Peaking, With Consistency

Three weeks ago I lamented how variable the Red Sox offense had been through the first 107 games of the season. As a group they just couldn’t seem to get unstuck and it was frustrating to watch. Just when you thought they were putting together the pieces of a strong run, they would throw up a sequence of duds. But then the calendar flipped to August, and then Game 108 happened. Game 108: the middle contest of a three-game series against the American League Central leading Cleveland Indians that ended like this:

Glorious. A fantastic moment to end what was probably the most exciting game of the year. The game’s win probability chart looks like the roller coaster ride metaphor I used to describe the Red Sox offense that morning. While I don’t love the turning point narrative that came out of that win, it is easy to see why it exists. Christian Vazquez’s blast off Cody Allen propelled the team to a half-game lead in the American League East, which they have pushed to five by going 13-3 in August (through Sunday’s game), and the offense has been anything but a roller-coaster.

Over the Red Sox’s 16 games in August, the offense as a group is slashing .278/.352/.466, and averaging 6.0 runs per game. Six runs a night is solid output and can certainly take some stress off the pitching staff. When stacked up against every other team’s output in their last 16 games, the Red Sox’s mark ranks as the fifth highest, which is more in line with where this group was expected to rank as an offense. Sixteen games is obviously a much smaller sample than the entire season, so this could just be an oddity of this grouping of games. But looking at the team’s run scoring in 16-game groupings reveals that this latest run is the third high-point for the team this year:


The weak pitching of the Oakland Athletics and Texas Rangers was a real boon for the offense around the quarter-mark of the season (Games 43-46), as was the trip to Toronto followed by another series with Texas (Games 81-84). Now around Game 120 we see another peak. Maybe this team just works toward being at high points every 40 games. But really, it is clear how things have been on a steady climb around that awesome game against Cleveland. The 12 runs they posted that night pulled up the (somewhat arbitrary) 16-game average, and it has continued upward since.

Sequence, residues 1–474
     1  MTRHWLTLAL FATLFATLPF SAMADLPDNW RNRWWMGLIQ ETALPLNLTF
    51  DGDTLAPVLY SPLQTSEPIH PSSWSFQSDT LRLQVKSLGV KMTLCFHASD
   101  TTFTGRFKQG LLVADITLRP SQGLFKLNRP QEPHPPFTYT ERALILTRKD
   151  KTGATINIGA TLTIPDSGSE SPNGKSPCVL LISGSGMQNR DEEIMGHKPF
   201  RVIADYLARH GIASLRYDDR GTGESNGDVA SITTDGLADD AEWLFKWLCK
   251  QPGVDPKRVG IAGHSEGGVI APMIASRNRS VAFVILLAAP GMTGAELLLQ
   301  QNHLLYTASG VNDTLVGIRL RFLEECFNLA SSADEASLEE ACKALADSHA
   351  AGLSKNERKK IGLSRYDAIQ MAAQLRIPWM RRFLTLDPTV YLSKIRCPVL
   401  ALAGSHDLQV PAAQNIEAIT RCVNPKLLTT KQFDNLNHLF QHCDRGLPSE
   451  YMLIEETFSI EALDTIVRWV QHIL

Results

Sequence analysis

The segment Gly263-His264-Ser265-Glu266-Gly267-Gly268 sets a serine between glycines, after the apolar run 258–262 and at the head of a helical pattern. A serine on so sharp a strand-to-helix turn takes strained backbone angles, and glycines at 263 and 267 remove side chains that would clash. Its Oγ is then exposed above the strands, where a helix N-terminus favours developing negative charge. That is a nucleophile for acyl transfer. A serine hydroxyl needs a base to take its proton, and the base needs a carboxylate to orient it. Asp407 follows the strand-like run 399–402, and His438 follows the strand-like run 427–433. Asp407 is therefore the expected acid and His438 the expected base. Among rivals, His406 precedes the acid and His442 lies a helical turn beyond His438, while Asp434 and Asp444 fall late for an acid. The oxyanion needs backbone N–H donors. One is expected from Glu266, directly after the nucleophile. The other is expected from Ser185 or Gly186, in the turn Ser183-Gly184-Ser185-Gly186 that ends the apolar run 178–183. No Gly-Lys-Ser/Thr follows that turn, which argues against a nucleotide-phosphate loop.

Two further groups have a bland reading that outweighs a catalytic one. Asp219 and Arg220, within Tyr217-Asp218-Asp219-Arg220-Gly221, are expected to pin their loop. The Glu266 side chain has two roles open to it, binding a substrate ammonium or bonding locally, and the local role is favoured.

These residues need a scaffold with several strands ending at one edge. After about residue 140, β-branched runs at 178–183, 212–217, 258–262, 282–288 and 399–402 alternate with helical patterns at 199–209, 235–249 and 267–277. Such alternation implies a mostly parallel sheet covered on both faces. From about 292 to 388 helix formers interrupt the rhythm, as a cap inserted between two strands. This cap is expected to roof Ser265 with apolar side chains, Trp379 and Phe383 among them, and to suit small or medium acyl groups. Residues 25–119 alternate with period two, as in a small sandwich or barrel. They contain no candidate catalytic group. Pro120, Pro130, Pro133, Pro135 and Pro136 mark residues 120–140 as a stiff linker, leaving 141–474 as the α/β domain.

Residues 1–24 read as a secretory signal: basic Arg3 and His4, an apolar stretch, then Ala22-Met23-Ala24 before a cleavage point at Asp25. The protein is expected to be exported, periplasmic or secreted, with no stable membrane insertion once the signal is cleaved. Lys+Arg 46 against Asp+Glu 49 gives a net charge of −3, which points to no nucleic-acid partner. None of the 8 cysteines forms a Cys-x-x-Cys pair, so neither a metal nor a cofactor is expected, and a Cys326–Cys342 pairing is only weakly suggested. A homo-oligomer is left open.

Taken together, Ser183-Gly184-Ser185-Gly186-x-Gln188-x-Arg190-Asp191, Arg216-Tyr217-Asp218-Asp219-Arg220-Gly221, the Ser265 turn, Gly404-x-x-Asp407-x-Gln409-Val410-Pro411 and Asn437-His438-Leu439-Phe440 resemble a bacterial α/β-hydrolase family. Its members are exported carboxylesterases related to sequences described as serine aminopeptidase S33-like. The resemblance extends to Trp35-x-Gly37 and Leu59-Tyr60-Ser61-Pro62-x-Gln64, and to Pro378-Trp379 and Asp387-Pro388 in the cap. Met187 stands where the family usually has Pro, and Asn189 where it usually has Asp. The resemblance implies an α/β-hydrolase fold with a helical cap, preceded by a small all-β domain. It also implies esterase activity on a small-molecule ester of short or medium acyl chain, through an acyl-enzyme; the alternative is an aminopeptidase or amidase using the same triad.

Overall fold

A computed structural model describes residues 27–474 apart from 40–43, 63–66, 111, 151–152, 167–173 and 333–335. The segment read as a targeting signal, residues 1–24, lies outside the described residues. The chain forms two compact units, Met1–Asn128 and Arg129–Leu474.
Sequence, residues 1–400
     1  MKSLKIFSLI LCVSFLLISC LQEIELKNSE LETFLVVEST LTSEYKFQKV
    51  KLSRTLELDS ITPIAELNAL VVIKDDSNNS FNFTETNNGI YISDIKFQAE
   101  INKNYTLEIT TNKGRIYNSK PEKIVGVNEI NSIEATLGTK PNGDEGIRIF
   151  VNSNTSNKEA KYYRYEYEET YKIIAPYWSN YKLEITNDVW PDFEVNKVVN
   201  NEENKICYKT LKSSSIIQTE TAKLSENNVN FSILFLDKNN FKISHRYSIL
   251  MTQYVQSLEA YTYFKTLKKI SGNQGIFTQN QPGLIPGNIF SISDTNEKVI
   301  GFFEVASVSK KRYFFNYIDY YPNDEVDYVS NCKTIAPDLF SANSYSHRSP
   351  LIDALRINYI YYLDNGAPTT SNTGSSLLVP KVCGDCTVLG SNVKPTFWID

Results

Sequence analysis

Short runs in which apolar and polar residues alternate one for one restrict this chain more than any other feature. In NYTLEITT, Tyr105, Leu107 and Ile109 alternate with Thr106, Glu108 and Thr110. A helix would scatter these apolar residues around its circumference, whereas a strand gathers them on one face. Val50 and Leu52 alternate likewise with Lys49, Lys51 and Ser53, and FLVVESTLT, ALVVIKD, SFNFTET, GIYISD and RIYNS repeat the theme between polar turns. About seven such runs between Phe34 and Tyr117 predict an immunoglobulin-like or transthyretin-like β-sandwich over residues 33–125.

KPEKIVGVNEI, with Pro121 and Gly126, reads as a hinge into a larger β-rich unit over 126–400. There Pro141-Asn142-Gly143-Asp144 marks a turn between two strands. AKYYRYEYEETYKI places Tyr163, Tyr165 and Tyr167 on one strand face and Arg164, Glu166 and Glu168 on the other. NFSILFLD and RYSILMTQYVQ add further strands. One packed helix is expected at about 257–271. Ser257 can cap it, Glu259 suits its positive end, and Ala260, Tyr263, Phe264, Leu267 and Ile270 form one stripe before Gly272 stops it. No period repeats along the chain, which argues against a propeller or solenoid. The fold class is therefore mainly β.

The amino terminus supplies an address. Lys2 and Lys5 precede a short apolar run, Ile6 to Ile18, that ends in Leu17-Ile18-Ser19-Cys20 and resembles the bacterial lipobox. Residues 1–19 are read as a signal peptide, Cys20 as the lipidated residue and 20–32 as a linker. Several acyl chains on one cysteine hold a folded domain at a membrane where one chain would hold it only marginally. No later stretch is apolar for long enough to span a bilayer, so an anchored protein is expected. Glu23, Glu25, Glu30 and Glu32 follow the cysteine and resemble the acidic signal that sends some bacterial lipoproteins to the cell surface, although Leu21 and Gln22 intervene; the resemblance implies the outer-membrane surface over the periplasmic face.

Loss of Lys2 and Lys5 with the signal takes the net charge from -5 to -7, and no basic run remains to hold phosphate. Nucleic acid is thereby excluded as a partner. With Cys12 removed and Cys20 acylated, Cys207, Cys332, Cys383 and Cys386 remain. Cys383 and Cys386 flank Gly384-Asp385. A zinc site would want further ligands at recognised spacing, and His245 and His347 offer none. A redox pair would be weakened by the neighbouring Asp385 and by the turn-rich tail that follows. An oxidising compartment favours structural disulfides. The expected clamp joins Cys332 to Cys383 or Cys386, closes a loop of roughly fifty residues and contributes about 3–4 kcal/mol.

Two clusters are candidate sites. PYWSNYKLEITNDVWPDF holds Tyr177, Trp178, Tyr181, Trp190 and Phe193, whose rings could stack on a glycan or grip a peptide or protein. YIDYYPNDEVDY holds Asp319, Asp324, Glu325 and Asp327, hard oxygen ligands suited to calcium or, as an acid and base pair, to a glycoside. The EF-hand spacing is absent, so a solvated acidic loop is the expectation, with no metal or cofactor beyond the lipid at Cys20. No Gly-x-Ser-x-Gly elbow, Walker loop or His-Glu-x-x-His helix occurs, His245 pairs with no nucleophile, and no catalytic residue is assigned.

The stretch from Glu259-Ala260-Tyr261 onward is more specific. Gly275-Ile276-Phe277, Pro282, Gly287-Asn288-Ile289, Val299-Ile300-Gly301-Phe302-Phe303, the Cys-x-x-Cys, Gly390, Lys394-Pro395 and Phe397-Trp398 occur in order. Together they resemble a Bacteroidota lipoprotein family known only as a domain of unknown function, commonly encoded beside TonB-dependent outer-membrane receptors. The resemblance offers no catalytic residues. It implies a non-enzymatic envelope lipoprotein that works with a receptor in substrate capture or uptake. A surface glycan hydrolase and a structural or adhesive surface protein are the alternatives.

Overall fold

Critically, it is not just the increased average output over the last 16 games. It is the consistency with which they are doing so that has also been important. Relying again on coefficient of variation (CV), which is a standardized measure of dispersion around an average, the Red Sox’s offense has been the sixth least variable in their run scoring over the team’s last 16 games. And of the five teams who have been more consistent in their run scoring, only the Cardinals’ 6.88 runs per game is better than the Red Sox. Basically, the Red Sox have put together a stretch where they are scoring a lot, and are doing so with great consistency: this last 16-game run is the least variable the Red Sox offense has been this season. That is a potent combination and a welcome change from the ups-and-downs of the season to this point.

The Red Sox have put together a stretch where they are scoring a lot, and are doing so with great consistency: this last 16-game run is the least variable the Red Sox offense has been.

An interesting aspect of this run in August is that it comes without Mookie Betts (66 wRC+), Xander Bogaerts (72) or Hanley Ramirez (64) contributing much. Each has had critical hits in big moments, which is excellent, but they have not been leading the way this month. Rather, Vazquez (184), Andrew Benintendi (181), Rafael Devers (169) and Mitch Moreland (153) have been carrying the load. I suppose this fits with my statement three weeks ago that it seems like as soon as a couple of players get going, another couple of guys struggle. Only lately, as with two other times this season, they are producing a lot of runs. Ideally, even if the who’s hot-or-cold shifts around, the run scoring aspect holds, or at least does not falloff as terribly as it has the two other times the Red Sox have posted similar high run-scoring peaks.

August has been a fun month so far. The cosmic ballet has continued. The Red Sox have consistently scored runs, often by way of the home run (1.44 per game in August through Sunday, up from 0.98 per game through the end of July), and won games, including three walk-offs. Their top prospect has risen to stardom at the big league level and rattled a rival’s end-of-game weapon in the process. Their previous top prospect is a strong candidate for Rookie of the Year honors. Chris Sale and Craig Kimbrel are on the Red Sox. Rick Porcello might be figuring things out. Their division lead has continued to increase, allowing important players, Dustin Pedroia and David Price, to avoid rushing back and risking further injury. This is all good stuff. Of course things are always more fun when the team is winning and playing good baseball, but it sure makes all of the nonsense about this team being unlikeable look even dumber now. The bottom line is that this team is really good, and has shown it over the last three weeks.

Photo by Bob DeChiara – USA TODAY Sports

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